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Cypen & Cypen
NEWSLETTER
for
FEBRUARY 2, 2004

Stephen H. Cypen, Esq., Editor

Never Forget - September 11, 2001

1. STATUTE OF LIMITATIONS BEGAN TO RUN WHEN EMPLOYEE WAS HIRED AND DENIED PARTICIPATION IN CITY PENSION PLAN:
Petrosino worked for the City of Hollywood from 1987 to 1999 as a community development housing inspector. Because his position was funded by federal grant, at the time Petrosino was hired the City deemed such employees not qualified to participate in the City’s pension plan. In 1994, the City changed its position on the status of community development employees, and gave them the option to join the pension plan, without credit for prior service. Petrosino rejected the option and elected not to join. In 2001, Petrosino filed a suit for declaratory judgment, claiming he had met the definition of “employee” for purposes of inclusion in the pension plan. Both parties agreed that the applicable statute of limitation is five years. The trial court ruled that Petrosino’s claim was not time-barred because it did not accrue until his 55th birthday in 2001 -- the first time he became eligible to apply for benefits. The City contended that the claim was time-barred because the cause of action arose in 1987 when Petrosino was hired by the City and informed that he was ineligible to participate in the pension plan. On review of the trial court’s ruling in favor of Petrosino, the district court of appeal reversed. For Petrosino to prevail in a declaratory judgment action, the following elements had to be present:

(1) A bona fide, actual, present practical need for the declaration.

(2) The declaration should deal with a present, ascertained or ascertainable state of facts or present controversy as to a state of facts.

(3) Some immunity, power, privilege or right of the complaining party is dependent upon the facts or the law applicable to the facts.

(4) There is some person or persons who have, or reasonably may have an actual, present, adverse and antagonistic interest in the subject matter, either in fact or in law.

(5) The antagonistic and adverse interests are all before the court by proper process or class representation and that the relief sought is not merely the giving of legal advice by the courts or the answer to questions propounded from curiosity.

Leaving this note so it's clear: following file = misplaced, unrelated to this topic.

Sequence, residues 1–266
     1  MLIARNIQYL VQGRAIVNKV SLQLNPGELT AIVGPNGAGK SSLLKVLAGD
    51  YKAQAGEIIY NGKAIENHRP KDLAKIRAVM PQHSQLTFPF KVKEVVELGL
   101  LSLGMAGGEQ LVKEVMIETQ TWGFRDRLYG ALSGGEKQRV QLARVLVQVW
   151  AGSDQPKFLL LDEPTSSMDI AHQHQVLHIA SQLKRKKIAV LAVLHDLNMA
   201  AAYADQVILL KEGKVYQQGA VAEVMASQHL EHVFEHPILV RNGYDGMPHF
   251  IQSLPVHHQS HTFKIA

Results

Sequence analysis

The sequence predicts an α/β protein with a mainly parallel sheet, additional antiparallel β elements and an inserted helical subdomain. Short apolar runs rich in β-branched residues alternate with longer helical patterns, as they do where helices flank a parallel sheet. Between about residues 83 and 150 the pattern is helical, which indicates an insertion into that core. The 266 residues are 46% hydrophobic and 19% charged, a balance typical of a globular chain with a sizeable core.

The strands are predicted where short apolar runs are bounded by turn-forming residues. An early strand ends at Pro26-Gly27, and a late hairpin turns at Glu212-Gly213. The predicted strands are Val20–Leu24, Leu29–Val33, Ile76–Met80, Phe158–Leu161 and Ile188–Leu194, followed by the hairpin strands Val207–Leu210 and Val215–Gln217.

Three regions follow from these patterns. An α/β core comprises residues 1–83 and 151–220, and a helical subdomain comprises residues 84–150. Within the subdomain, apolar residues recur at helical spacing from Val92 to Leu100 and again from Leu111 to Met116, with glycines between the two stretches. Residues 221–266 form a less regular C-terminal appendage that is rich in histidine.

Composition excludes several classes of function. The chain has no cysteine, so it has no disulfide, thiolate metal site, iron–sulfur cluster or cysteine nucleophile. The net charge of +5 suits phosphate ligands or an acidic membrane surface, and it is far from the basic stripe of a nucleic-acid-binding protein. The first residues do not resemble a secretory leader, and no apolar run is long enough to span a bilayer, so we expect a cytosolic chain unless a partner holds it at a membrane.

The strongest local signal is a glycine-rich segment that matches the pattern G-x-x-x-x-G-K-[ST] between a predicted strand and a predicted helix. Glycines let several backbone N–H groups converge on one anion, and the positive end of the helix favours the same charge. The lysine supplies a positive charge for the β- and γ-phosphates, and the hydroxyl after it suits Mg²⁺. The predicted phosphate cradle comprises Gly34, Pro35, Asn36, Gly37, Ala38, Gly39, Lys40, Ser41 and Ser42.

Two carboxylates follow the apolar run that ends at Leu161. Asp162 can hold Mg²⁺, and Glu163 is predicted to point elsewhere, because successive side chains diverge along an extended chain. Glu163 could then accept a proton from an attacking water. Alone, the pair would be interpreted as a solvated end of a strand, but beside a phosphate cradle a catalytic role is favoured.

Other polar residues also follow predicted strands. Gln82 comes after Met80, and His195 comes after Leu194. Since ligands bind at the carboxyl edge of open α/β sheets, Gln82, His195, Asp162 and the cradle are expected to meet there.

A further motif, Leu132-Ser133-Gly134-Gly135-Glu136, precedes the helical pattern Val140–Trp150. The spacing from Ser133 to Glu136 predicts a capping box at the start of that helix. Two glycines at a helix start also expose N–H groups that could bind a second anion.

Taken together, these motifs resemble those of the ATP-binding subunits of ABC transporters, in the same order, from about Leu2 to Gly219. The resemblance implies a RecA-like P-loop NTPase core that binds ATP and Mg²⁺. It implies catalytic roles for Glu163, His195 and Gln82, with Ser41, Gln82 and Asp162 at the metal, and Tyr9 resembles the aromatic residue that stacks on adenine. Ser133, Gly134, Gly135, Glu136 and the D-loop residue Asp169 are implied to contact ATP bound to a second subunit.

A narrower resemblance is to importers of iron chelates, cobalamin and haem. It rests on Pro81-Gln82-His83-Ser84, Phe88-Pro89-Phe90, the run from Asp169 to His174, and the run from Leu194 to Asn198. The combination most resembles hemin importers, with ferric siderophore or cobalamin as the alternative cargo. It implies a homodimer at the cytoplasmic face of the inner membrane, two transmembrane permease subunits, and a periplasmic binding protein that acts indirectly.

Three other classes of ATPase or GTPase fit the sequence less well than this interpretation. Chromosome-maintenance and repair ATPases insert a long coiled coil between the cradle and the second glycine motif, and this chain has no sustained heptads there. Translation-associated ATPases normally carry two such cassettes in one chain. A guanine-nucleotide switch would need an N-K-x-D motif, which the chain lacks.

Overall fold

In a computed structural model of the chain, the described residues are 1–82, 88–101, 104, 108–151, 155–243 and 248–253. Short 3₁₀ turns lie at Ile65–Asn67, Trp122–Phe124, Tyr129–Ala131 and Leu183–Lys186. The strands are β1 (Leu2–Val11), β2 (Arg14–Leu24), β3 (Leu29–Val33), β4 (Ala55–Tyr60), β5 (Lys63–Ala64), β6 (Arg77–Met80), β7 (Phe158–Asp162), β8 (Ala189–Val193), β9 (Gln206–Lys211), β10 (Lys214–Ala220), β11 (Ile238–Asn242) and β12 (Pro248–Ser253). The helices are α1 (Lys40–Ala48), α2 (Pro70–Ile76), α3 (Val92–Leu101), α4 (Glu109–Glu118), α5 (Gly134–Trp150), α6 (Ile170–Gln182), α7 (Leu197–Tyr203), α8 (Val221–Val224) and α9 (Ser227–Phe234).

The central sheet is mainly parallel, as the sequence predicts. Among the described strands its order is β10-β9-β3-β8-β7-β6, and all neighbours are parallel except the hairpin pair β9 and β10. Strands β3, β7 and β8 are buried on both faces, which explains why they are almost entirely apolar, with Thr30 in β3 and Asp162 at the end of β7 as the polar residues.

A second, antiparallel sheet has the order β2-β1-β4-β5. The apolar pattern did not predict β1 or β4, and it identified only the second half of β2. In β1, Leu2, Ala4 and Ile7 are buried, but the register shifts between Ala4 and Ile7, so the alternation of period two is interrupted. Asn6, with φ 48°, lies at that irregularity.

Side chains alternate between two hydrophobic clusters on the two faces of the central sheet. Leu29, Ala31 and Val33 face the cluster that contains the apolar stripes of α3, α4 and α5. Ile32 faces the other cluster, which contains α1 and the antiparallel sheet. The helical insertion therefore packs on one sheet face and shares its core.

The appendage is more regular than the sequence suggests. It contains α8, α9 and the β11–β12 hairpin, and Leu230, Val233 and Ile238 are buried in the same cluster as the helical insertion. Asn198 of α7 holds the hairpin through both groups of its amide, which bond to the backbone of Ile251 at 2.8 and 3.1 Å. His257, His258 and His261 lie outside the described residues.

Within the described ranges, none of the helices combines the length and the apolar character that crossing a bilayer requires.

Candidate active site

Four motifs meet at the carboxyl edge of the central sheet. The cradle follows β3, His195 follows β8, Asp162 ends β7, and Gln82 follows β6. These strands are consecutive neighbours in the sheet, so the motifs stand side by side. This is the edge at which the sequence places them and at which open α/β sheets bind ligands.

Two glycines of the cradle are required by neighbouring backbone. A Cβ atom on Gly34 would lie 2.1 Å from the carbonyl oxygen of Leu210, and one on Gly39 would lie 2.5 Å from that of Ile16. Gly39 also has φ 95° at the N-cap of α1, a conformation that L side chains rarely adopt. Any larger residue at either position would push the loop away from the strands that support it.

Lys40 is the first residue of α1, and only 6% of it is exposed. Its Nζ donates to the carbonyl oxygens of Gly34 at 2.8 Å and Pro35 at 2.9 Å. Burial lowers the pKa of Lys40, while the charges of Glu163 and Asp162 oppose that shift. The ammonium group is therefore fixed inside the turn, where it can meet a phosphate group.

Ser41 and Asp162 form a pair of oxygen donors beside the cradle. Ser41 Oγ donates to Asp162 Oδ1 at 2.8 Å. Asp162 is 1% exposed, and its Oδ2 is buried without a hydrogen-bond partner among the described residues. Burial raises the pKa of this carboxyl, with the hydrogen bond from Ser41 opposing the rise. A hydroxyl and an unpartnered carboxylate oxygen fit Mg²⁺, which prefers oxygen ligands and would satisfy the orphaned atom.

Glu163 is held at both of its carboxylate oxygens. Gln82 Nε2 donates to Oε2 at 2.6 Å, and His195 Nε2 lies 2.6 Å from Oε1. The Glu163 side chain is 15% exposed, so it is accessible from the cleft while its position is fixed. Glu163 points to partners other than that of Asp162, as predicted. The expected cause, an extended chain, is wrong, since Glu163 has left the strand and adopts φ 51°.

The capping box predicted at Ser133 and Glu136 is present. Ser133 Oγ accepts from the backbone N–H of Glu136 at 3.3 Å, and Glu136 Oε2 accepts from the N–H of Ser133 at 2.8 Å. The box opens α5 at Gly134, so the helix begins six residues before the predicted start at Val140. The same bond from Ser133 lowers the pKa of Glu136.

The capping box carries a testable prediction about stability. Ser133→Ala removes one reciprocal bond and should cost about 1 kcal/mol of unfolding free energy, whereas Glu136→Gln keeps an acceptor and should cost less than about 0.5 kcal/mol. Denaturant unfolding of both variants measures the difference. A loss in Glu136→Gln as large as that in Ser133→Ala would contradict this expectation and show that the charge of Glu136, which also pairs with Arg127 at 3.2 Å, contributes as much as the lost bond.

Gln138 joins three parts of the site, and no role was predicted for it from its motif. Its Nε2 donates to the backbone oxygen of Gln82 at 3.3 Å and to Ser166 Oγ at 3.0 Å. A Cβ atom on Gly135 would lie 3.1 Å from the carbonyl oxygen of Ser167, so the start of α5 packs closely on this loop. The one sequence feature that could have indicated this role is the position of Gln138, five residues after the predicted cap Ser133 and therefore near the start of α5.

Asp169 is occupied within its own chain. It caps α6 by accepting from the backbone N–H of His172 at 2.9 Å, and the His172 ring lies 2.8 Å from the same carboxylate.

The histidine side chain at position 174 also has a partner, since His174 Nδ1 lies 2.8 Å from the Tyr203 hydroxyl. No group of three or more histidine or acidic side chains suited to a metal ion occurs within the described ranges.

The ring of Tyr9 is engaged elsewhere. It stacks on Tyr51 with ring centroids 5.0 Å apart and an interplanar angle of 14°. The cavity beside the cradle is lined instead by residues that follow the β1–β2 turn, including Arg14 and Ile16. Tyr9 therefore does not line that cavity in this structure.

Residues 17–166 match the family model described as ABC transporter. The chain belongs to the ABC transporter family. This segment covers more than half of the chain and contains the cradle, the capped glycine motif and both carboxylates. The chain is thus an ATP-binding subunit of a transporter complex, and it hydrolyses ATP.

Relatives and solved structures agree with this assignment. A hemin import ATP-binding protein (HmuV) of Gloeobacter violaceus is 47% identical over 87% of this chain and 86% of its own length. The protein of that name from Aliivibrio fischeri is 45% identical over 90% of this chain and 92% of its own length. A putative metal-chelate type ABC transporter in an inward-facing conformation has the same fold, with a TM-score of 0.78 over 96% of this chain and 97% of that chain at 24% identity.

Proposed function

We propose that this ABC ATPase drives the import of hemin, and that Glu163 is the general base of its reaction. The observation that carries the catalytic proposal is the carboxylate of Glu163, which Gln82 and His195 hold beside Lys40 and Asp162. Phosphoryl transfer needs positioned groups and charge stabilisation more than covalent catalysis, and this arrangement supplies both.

Because all five elements existed at the time Petrosino was hired and was informed he could not participate in the pension plan, his cause of action accrued in 1987, and is clearly barred by the statute of limitations. City of Hollywood v. Petrosino, 29 Fla. L. Weekly D163 (Fla. 4th DCA, January 7, 2004)

2. PROVIDENCE WILL ATTEMPT TO REVOKE PENSIONS:
The City of Providence, Rhode Island, has suspended two police officers and will try to revoke their pension benefits over allegations of cheating on police promotional tests. (We assume that the two, a former chief and captain, are in some sort of DROP plan, which explains why they are active and also receiving pensions.) The investigation, reported by Associated Press, concluded that the two ranking officers had received test materials before promotional exams between 1996 and 1999. The city will attempt to revoke or curtail the subject pension benefits for “dishonorable service.” It is not clear whether “dishonorable service” constitutes a ground for pension forfeiture under Rhode Island law or under the subject local plan. Other charges may stem from the investigation into allegations of cheating on the tests. The city called the suspensions the first step to restoring the broken trust in a department that has been plagued by low morale and embarrassing revelations, including last year’s discovery that a computerized system was secretly recording all officers’ telephone calls.

3. IRS ISSUES REVENUE RULING ON ROLLOVERS:
Prior to enactment of the Economic Growth and Tax Relief Reconciliation Act of 2001, certain restrictions applied to rollovers by individuals of funds accumulated in retirement plans maintained by their employers or in IRAs maintained by them. EGTRRA, as amended by the Job Creation and Worker Assistance Act of 2002, substantially increased the rollover opportunities available to individuals, by expanding both types of plans eligible to accept rollovers and the types of funds that can be rolled over. Rules applicable to rollovers (including new portability rules) are contained in Sections 402(c), 402(c)(2), 401(a)(31), 308(d)(3)(A), 402(c)(10) and 402(f) of the Internal Revenue Code. The new revenue ruling holds that if an eligible retirement plan separately accounts for amounts attributable to rollover contributions to the plan, distributions of those amounts are not subject to the restrictions on permissible timing that apply, under applicable requirements of the Internal Revenue Code, to distributions of other amounts from the plan. Accordingly, the plan may permit distribution of amounts attributable to rollover contributions at any time pursuant to an individual’s request. Rev. Rule. 2004-12.

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Items in this Newsletter may be excerpts or summaries of original or secondary source material, and may have been reorganized for clarity and brevity. This Newsletter is general in nature and is not intended to provide specific legal or other advice.


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